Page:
In the months leading up to February’s trade deadline, Hoops Rumors will be taking a closer look at several players we consider trade candidates, discussing their value, speculating on potential destinations, and explaining why they are – or should be – available. These players won’t necessarily be dealt in advance of the deadline, but it won’t be surprising if they are.
Ricky Rubio, PG
2016/17 salary: $13,550,000
Eligible for unrestricted free agency in 2019
Trade restrictions: None
There seems to be an uneasy truce these days between the Timberwolves and their starting point guard. The way that the Timberwolves’ offseason unfolded, it’s somewhat surprising that Ricky Rubio remains their floor leader. It probably won’t be that way much longer, though Rubio has done little to enhance his trade value through the first six weeks of the season.
Once Tom Thibodeau was hired as the head coach and president of basketball operations, Rubio’s exit seemed like a foregone conclusion. Rubio was shopped prior to the draft, as Thibodeau pursued a deal for the Bulls’ Jimmy Butler. One of the reasons that that potential deal fell through was the Chicago wanted Zach LaVine, instead of Rubio, as part of the package.
The Timberwolves wound up with their fallback plan, which was to select the top point guard in the draft to presumably take Rubio’s job. Kris Dunn dropped to the No. 5 spot, which Thibodeau didn’t mind since he was reportedly atop his draft board.
Supposedly, Thibodeau got some offers for Rubio during the summer, but nothing that compelled him to pull the trigger. Eventually, the Timberwolves opted to take a wait-and-see approach, giving Dunn time to acclimate himself to the NBA game while Rubio held the fort as the starter during the early portion of the season.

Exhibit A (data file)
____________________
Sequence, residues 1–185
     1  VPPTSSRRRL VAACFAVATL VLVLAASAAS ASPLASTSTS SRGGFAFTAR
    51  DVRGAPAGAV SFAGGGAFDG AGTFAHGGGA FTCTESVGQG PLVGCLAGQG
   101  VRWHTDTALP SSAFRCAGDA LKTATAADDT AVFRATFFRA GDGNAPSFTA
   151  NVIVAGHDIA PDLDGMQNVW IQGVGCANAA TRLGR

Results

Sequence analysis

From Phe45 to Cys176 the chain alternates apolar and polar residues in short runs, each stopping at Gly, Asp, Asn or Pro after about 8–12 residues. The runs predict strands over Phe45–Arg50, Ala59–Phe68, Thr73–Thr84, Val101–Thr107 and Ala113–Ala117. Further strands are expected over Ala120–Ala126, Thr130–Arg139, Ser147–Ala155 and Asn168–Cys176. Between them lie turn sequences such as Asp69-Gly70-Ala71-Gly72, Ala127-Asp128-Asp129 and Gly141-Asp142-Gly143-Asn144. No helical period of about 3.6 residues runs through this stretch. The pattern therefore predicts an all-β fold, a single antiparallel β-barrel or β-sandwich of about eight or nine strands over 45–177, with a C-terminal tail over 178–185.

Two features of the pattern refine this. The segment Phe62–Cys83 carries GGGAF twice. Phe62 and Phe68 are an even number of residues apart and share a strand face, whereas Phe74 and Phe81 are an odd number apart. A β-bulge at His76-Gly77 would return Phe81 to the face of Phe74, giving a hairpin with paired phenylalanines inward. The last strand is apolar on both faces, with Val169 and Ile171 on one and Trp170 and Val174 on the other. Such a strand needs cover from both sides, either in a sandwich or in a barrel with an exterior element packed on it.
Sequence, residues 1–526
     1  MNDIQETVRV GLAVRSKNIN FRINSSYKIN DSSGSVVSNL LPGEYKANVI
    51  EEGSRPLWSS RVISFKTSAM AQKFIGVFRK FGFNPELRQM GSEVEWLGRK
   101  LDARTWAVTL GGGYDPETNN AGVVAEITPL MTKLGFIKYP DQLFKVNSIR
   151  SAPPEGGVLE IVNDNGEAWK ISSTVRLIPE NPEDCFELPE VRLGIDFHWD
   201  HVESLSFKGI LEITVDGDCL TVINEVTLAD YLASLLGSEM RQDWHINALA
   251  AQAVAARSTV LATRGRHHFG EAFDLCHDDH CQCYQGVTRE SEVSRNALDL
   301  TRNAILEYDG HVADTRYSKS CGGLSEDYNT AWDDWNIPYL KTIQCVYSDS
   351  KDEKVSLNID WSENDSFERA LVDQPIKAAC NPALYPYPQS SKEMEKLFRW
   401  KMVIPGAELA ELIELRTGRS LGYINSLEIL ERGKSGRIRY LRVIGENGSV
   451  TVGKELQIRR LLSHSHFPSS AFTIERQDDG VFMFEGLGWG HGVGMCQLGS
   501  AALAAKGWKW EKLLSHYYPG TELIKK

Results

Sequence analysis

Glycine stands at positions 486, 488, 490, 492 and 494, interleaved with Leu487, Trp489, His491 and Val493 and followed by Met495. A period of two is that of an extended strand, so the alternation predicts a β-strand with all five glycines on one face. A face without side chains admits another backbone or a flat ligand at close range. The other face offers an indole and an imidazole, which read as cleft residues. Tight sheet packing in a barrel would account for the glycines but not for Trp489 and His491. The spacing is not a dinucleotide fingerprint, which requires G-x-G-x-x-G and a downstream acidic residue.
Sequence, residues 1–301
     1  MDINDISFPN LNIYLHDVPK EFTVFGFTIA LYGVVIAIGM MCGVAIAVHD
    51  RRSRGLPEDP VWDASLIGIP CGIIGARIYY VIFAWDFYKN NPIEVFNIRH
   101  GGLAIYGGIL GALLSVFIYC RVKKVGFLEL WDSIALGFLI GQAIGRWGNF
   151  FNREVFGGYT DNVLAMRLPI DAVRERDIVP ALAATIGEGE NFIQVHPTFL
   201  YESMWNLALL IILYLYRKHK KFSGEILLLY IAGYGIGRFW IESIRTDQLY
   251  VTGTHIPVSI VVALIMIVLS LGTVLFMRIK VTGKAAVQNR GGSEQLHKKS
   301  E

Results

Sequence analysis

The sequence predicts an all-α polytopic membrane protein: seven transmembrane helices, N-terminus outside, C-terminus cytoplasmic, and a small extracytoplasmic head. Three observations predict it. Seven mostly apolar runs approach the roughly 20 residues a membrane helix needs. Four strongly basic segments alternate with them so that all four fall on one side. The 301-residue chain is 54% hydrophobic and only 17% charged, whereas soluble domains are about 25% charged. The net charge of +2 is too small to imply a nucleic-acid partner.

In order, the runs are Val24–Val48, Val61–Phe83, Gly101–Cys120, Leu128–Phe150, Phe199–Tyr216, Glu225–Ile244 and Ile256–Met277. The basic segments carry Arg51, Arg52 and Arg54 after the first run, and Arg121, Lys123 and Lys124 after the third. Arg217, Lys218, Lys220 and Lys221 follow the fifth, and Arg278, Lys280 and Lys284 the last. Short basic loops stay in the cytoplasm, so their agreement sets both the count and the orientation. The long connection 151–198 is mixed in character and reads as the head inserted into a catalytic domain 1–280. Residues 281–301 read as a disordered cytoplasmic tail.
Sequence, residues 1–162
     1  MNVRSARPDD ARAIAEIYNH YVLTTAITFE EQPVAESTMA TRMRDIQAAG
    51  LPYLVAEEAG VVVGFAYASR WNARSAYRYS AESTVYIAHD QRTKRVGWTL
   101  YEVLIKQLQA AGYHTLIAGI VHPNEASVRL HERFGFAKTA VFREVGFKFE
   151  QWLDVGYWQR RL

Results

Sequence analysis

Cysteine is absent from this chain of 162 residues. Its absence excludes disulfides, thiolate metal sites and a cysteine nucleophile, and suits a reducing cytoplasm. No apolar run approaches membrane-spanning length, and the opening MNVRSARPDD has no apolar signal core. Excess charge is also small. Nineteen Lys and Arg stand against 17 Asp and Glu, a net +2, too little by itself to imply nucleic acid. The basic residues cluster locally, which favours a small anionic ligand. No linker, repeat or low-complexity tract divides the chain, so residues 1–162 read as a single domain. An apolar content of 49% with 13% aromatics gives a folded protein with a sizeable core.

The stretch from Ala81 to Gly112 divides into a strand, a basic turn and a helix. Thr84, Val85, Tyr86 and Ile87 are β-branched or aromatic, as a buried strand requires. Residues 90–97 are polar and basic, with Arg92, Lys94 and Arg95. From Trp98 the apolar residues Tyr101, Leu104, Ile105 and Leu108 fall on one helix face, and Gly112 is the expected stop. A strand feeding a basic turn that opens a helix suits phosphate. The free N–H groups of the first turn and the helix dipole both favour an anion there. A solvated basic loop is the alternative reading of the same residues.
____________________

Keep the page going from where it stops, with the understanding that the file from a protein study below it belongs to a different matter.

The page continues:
What’s happened since the season began may not be a worse-case scenario, but it’s pretty close. First, Rubio missed five games with an elbow injury. Upon returning, his play has been substandard while the Timberwolves, who were expected to be one of the most improved teams in the Western Conference, have floundered.
His shooting, never his strong suit anyway, has been woeful. He’s made 34.5% of his field-goal attempts and 22.9% of his 3-point tries. His assists are down to an average of 6.7 per game over 30.6 minutes, though his turnover numbers (1.9) remain respectable. His current 12.1 PER is well below the league average of 15.0.
By comparison, Rubio has averaged at least 8.6 assists per game the past three seasons while playing a comparable amount of minutes.
Perhaps the only reason why Rubio has kept his starting position is that Dunn struggled in the early going himself, though that appears to be changing. According to Jim Souhan of the Minneapolis Star-Tribune, Dunn’s shot looked as good as it has all season on Tuesday, when he made all but one of his field-goal attempts and scored 15 points against the Spurs. Moreover, as Souhan noted, Rubio is the picture of frustration these days whose veteran leadership is being outweighed by his lack of production.
The pairing of Dunn and talented combo guard LaVine as the starting backcourt will probably happen soon. Minnesota also has another recent first-round pick, Tyus Jones, in line to take an expanded reserve role. The only reason to delay the inevitable at this point would be hope Rubio gets into a better groove, which would make it easier to move him.